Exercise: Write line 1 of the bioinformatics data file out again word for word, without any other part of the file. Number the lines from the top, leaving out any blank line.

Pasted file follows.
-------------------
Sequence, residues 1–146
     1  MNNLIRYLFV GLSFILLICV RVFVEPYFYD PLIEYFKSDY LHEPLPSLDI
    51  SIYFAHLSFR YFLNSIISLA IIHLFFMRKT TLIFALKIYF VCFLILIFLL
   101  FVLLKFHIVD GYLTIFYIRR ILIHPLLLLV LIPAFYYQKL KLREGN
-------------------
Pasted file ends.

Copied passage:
Sequence, residues 1–146